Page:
Owing to the powerful presence of a few market players, products such as toilet seat sanitizers, panty-liners, hygiene wash, maternity pads and menstrual cups have entered the Indian domain. While the mainstream sanitary napkins continue to dominate more than 80 per cent of the market share, other alternative products such as biodegradable napkins, organic cotton-based pads and tampons are capturing their place on the supermarket shelf.
Growth of femtech: India and the world
The global feminine hygiene space is expanding at CAGR 6.8 per cent and is estimated to reach $52 billion by 2023. Despite some great momentum in the recent years, similar dynamics is yet to be witnessed in the Indian niche. Even though there is immense potential, the Indian femtech industry is still at a nascent stage and investor confidence in this segment is considerably low. Women-centric startups raised 12 times more funds than the femtech startups in India. More than 83 per cent of funds invested in the sector was pumped into the female healthcare startups operating in the space. While the industry overall has been restricted to urban populations, some brands have been able to break through the stigma to reach out to larger audiences through innovative campaigning and compelling marketing strategies. Also, new brands are emerging, bringing a fresh focus to this segment. These companies are effectively using technology platforms and strong influencer marketing to take their awareness campaigns beyond the metropolitan boundaries into tier II and III cities. The focus is on shattering myths and misconceptions and promoting a switch over to innovative products that promise quality.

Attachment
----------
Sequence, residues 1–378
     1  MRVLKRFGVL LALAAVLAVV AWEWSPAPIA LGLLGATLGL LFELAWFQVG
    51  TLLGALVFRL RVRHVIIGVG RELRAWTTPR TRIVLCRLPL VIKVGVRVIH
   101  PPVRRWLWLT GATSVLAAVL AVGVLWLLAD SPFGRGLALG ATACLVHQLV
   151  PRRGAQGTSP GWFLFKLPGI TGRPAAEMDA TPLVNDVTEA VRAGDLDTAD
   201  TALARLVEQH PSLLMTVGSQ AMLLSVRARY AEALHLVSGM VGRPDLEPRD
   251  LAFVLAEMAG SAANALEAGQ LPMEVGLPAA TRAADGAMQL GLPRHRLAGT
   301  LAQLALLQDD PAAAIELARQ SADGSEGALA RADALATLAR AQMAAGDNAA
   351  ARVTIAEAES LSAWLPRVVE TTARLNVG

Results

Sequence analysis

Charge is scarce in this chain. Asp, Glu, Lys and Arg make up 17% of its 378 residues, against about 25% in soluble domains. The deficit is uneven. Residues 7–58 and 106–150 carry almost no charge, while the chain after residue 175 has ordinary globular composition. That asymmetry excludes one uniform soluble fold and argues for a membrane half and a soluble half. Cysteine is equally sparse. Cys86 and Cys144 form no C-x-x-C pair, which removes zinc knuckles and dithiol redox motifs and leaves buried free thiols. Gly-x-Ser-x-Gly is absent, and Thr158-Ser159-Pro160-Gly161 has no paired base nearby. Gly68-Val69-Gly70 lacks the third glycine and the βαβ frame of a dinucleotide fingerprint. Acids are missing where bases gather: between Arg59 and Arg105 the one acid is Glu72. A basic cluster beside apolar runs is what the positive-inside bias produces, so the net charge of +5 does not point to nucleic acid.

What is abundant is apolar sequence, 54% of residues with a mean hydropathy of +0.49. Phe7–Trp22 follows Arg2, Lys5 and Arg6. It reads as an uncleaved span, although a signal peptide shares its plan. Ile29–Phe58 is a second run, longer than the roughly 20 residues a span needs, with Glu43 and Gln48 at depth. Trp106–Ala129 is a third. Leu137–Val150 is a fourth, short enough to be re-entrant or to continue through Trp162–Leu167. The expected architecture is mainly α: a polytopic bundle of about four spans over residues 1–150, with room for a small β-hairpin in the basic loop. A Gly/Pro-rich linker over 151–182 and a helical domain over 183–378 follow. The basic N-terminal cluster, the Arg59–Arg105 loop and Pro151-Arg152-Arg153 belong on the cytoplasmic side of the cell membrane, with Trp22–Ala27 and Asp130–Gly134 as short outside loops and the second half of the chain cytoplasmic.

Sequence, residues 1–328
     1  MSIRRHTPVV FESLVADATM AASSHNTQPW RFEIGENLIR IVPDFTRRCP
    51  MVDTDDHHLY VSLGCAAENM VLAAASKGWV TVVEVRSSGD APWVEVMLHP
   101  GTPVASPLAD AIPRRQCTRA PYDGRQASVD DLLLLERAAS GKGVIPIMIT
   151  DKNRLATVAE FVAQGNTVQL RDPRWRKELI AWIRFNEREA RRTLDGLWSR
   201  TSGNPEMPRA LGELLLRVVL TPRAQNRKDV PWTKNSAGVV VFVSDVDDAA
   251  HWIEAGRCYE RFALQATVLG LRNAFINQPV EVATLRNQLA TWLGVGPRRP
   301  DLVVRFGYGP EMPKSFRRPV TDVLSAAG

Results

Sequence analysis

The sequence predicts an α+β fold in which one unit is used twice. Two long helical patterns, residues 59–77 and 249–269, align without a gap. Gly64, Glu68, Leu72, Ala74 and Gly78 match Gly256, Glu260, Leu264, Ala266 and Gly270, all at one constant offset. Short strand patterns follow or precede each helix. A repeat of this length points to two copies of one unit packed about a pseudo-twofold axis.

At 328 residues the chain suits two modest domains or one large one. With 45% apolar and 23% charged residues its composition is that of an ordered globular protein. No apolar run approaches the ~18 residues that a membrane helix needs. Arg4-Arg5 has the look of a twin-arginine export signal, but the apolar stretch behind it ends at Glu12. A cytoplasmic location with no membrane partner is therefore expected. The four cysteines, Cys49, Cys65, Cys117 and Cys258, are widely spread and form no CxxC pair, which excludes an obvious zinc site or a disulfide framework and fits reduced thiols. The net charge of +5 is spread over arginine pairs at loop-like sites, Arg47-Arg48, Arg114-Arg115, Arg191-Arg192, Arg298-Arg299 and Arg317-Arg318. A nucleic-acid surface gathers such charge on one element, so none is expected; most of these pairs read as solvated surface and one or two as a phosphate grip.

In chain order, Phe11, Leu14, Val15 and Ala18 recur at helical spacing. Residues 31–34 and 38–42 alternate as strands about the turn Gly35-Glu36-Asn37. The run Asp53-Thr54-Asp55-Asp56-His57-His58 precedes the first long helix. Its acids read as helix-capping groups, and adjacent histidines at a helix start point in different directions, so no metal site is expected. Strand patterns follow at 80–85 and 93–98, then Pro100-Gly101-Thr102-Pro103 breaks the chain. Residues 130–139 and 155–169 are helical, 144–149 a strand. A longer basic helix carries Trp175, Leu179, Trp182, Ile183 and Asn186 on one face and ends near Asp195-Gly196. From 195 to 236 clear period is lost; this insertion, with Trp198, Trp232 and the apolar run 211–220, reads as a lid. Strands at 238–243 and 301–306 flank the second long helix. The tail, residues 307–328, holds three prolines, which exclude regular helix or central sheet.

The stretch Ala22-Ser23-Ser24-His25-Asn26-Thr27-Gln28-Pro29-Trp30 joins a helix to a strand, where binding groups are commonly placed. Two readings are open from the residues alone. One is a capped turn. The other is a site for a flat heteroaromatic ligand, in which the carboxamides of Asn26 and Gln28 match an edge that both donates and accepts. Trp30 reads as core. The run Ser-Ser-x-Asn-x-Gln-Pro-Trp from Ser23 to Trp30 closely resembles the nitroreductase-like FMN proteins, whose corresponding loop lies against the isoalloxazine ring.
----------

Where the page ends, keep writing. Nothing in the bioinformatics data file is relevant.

However, despite all the awareness building and cause marketing efforts taken by the femtech industry so far, it is yet to reach its full potential. The reasons for this sluggish acceptance include reluctance to adopt a new product, lack of awareness, high cost and resistance to change. Surveys show that while 78 per cent of urban women used sanitary menstrual hygiene products, only 48 per cent of rural women used proper sanitary products during menstruation. Government policy and regulation is another factor that affects how these products are priced. In the startup-friendly economy, if more centralized policies are created to iron out tough wrinkles the ease of doing business in the country can improve dramatically. By this both budding enterprises and consumers will gain immensely. This will also attract more foreign investment opportunities in the segment.